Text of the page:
You cannot change the default session timeout duration in Google Analytics.

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QUESTION

You cannot change the default session timeout duration in Google Analytics.

True

False

The correct answer is:

False

You cannot change the default session timeout duration in Google Analytics.
Explanation:

A session is a group of interactions that take place on your website within a given time frame. By default, a session lasts until there’s 30 minutes of inactivity, but you can adjust this length so a session lasts a few seconds or several hours. A session can be as short as a few seconds or as long as several hours. A single user can open multiple sessions.
Read more here: https://support.google.com/analytics/answer/2731565

The concept of a session in Analytics is important to understand because many features, reports, and metrics depend on how Analytics calculates sessions.

A session is a group of user interactions with your website that take place within a given time frame. For example a single session can contain multiple page views, events, social interactions, and ecommerce transactions.

You can think of a session as the container for the actions a user takes on your site.

A single user can open multiple sessions. Those sessions can occur on the same day, or over several days, weeks, or months. As soon as one session ends, there is then an opportunity to start a new session. There are two methods by which a session ends:

After 30 minutes of inactivity

At midnight

Time-based expiration:

  • After 30 minutes of inactivity

    After 30 minutes of inactivity

  • At midnight

    At midnight

After 30 minutes of inactivity

At midnight

If a user arrives via one campaign, leaves, and then comes back via a different campaign.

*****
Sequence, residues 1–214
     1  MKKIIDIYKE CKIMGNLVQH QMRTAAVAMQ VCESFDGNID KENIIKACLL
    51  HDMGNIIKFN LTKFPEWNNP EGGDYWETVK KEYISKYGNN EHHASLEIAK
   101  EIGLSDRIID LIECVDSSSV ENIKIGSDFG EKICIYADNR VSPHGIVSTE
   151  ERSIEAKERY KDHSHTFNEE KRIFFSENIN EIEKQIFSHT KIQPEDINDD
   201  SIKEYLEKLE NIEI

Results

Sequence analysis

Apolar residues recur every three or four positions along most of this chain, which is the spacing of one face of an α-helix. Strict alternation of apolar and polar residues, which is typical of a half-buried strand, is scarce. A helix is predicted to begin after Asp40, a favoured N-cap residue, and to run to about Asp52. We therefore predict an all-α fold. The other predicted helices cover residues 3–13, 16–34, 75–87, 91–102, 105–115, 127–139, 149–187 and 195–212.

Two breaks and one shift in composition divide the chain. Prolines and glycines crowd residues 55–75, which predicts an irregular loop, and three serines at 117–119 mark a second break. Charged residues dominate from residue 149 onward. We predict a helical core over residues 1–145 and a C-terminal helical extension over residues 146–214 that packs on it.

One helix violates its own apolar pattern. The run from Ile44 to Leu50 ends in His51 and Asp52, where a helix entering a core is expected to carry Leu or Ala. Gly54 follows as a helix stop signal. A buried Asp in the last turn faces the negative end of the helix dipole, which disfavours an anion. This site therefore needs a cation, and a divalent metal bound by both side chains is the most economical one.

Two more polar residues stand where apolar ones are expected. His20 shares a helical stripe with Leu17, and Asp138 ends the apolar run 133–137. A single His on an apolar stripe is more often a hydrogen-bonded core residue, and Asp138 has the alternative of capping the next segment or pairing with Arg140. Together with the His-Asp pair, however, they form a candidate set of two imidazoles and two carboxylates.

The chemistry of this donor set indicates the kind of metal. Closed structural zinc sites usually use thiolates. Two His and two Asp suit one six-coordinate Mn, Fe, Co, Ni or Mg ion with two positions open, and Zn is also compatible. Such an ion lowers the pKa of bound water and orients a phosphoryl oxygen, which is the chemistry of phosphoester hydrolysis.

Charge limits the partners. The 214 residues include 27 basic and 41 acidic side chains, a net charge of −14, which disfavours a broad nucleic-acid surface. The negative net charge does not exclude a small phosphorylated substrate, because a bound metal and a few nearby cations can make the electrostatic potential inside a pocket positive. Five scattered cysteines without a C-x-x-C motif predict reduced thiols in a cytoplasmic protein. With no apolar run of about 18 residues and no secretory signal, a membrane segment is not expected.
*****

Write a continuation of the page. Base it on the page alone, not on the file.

Campaign change:

  • If a user arrives via one campaign, leaves, and then comes back via a different campaign.

    If a user arrives via one campaign, leaves, and then comes back via a different campaign.

If a user arrives via one campaign, leaves, and then comes back via a different campaign.

By default, a session lasts until there’s 30 minutes of inactivity, but you can adjust this limit so a session lasts from a few seconds to several hours.

When a user, say Bob, arrives on your site, Analytics starts counting from that moment. If 30 minutes pass without any kind of interaction from Bob, the session ends. However, every time Bob interacts with an element (like an event, social interaction, or a new page), Analytics resets the expiration time by adding on an additional 30 minutes from the time of that interaction.

Assume Bob interacts with your website at the following intervals:

After event 2, the session expiry is set to 14:34

When Bob first arrives on your site, the session is set to expire at 14:31. As Bob continues through your site, viewing pages and triggering events, each of these additional requests moves the expiry ahead 30 minutes.

In this scenario, the first session that was opened when Bob arrived on the site ends 30 minutes into his lunch break. When he returns from lunch and continues browsing the website, then Analytics sets a new 30-minute expiry, and a new session begins.

Bob was half way through a product purchase when he left your site and went for lunch. He later returned to complete the transaction. The landing page of the new session is the add-to-cart page.

When Bob returns, the session that was open continues from the last page he was viewing on your site (provided he doesn’t return via another campaign source — a bit more about this below). As far as Analytics is concerned, he never left your website.

Bob was half way through a product purchase when he left your site and went for lunch. The difference this time is that because he returned in under 30 minutes, the old session remains open. It’s worth noting that his time on page for pageview 2 (product) is 29 minutes, since time on page is calculated as the difference between the initiation of successive pageviews: pageview 3 – pageview 2 (14:31-14:02 = 00:29).

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